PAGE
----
This post was originally written for and published here. Be sure to check out her other writings and prayer resources on her beautiful website, Kutsu CompanionsMay you have a powerful experience with God through this simple practice. – Lisa <><

Palms Down, Palms Up ― A Prayer of Letting Go
This simple prayer is supported by bodily movements that express the inner postures of the heart. I have modified Richard Foster’s “Palms Down, Palms Up” prayer, and added some elements to it. In essence, this prayer helps us to bring our worries to Jesus and express our longings to him.

The Prayer follows four movements:
1. Hands on the stomach for grounding and tuning into our inner center. 2. Hands on the lap, palms facing down as a symbol of releasing and letting go of concerns and worries.

3. Hands on the lap, palms up to signal readiness and desire to receive from God.

4. Hands on the heart to express gratitude.

“Palms Down, Palms Up” Guided Prayer
1. Settle down and sit comfortably on a chair or cushion. Close your eyes. Gently place your hands on your stomach. Take a few deep breaths. Notice how your body moves to the rhythm of your breath. Deepen your breath so that you can feel it fill your chest, stomach and rib cage with air.

Now start paying attention to the whole of your body, your feelings, and thoughts. Do you notice any tension, pain, numbness or tightness in your body? Does anything worry you or make you afraid? What else do you feel? Where can you feel those emotions in your body?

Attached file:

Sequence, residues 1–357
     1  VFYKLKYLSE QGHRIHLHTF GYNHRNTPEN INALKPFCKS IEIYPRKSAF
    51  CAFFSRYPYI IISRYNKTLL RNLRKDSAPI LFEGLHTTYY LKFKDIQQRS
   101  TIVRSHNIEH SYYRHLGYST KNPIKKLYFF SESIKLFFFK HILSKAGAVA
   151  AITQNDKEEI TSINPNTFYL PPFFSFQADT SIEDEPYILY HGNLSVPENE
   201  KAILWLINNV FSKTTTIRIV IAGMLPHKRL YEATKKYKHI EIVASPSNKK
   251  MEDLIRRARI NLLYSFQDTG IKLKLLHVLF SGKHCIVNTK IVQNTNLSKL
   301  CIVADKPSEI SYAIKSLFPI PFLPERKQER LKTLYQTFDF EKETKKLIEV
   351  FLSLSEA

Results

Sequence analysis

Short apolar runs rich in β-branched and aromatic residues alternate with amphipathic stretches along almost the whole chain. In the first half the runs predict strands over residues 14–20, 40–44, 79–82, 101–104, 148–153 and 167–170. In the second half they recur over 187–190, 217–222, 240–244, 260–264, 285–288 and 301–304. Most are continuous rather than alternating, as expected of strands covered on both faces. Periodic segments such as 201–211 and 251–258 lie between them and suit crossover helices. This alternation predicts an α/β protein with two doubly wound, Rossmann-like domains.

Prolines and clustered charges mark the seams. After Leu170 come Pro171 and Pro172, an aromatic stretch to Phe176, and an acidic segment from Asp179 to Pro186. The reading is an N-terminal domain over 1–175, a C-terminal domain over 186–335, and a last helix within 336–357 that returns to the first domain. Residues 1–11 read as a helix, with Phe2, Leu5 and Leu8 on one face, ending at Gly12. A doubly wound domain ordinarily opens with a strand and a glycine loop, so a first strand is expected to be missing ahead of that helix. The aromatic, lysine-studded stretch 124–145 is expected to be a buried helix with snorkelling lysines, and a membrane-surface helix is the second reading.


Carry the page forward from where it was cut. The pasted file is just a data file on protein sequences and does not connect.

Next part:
2. Lower your hands to your lap, palms facing down. Let this turning of the hands be a symbol of your wish to turn any worries or concerns that you might have to God. Give the worries to God and say to him in your own words quietly: “I let go of this … frustration/ anger/ fear/ worry/ guilt, or whatever it is that you want to let go off,” and give it to God. Don’t rush this. Keep turning those things over to God as long as they keep coming to your mind. God is near. He is reaching out to take over the carrying of your burdens.

Can you let go of your fears and worries? Can you trust him to carry them for you?

3. Once you have handed over your burdens to God, and your mind has come to a still, turn your palms up as a sign that you are now ready to receive from God.

Relax, and imagine placing your hands, palms up, into God’s caring hands. Feel how you are being held by God. You don’t need to go anywhere or do anything. You are safe. You can fully relax and trust that you will be taken care of, and that you will be provided for. Enjoy the feeling of God holding your hands in his hands, and loving you.

Imagine God gently whispering to you, “(Your name…), what do you want?” Tell him in the quiet of your heart what you desire. What do you want him to do for you?

Wait for His response. You might feel like he has something to say to you too, or that he simply wants you to know that he cares for you and that you are safe with him.

4. Finally, lift your hands to your heart and thank God for being with you and loving you.

Resources:
Seeking the Kingdom, Devotions for the Daily Journey of Faith by Richard Foster
Celebration of Discipline by Richard Foster

TED Talk Notes: The Three Secrets of Resilient People by Lucy Hone